Despite not making much use of that bit of potential, Frostbite does not wind up becoming completely generic, or even close to it. Writer Daniel Ojanlatva and director Anders Banke share a quirky sense of humor, with the bulk of it coming at the expense of poor Sebastian, who doesn't realize that the strange pill he impulsively swallowed is turning him into a vampire (kids - don't impulsively swallow strange pills!). So the guy's got no idea why he's hungry for something but his food doesn't taste right, why the crosses his girlfriend's religiously-minded parents have all over their house are really bothering him, and most importantly, why dogs are talking to him. They also take a perverse glee in having the teenagers' party spin out of control, as kids who have turned manage to viciously attack those who haven't while remaining undetected. And it's kind of hilarious to see a wooden garden gnome actually be useful for something.

The script, of course, has its problems. Why do some people turn almost immediately and attack their friends and neighbors in a crazed fashion, while others still seem to have some amount of human morality attached to them? Heck, if vampires tend to go into an immediate feeding frenzy, how is it possible for them to be still around and have people not believe in their existence? That kind of thing gets noticed, you know? And the bit about the cops who pick a vampire up and try to convince a skeptical colleague takes a long time for fairly little payoff - if a joke's going on long enough that the audience is starting to notice that it's being padded, it probably needs to have about a quarter as much time spent on it.

Fortunately, they've got a game cast that can handle whichever side of the film they're assigned to. Karlström has extended funny sequences, while Ms. Åberg alternates between near-fourth-wall-breaking and attaching herself to Saga a little too quickly and closely as Vega. Petra Nielsen and Grete Havnesköld each handle their part of being the level-headed (and non-murderous) person in a crazy environment very nicely, while having a realistic "I love you but you're trying to hard to be the cool mom" dynamic. Eriksson does sinister well; when he gets a laugh, it's not really because of him, but how the filmmakers have played with the shadows around him.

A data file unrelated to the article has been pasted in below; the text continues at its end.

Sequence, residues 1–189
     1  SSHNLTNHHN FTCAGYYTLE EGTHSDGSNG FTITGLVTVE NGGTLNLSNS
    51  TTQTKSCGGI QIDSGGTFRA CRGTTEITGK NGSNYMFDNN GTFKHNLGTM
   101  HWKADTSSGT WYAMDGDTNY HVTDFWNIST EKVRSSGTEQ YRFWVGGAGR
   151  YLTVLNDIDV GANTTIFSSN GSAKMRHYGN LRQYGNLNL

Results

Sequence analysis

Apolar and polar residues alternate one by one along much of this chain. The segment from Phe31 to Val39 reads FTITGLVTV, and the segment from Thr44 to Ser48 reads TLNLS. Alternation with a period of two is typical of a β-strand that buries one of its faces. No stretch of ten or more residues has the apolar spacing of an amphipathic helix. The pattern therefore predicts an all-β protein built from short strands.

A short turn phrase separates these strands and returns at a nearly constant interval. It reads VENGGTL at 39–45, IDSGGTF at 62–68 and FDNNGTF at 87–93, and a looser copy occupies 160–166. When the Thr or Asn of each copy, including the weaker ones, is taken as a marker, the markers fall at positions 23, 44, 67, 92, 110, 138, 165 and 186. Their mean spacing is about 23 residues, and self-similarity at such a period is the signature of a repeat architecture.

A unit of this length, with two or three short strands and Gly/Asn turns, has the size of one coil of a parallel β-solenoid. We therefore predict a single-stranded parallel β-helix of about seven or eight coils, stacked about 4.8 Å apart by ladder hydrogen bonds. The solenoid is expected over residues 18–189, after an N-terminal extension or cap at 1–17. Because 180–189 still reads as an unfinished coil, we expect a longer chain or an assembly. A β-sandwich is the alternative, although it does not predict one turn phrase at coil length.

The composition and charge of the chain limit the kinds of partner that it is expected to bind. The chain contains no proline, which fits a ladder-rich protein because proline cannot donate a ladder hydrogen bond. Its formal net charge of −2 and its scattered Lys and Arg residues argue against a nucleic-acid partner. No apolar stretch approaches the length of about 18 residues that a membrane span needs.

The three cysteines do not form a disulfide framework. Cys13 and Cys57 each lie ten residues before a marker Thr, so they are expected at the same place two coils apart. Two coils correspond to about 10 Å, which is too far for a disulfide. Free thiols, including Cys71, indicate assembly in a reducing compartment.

I laughed a lot at "Frostbite"; it has fun with the tropes of the genre without ever looking cheesy. That it's not the consistently frightening horror movie I might have liked from the premise is not its failing - if you're going to do a funny vampire movie, being as clever and creative about it as "Frostbite" is something to aspire to.

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originally posted: 08/01/06 14:35:07
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OFFICIAL SELECTION: 2006 Seattle Film Festival For more in the 2006 Seattle Film Festival series, click here.
OFFICIAL SELECTION: 2006 Fantasia Film Festival For more in the 2006 Fantasia Film Festival series, click here.
OFFICIAL SELECTION: 2006 Fantastic Fest For more in the 2006 Fantastic Fest series, click here.

User Comments

11/30/09 plissken2013 It sucked. 1 stars
8/02/06 klagd agree with the review, imperfect but tons of fun nevertheless 4 stars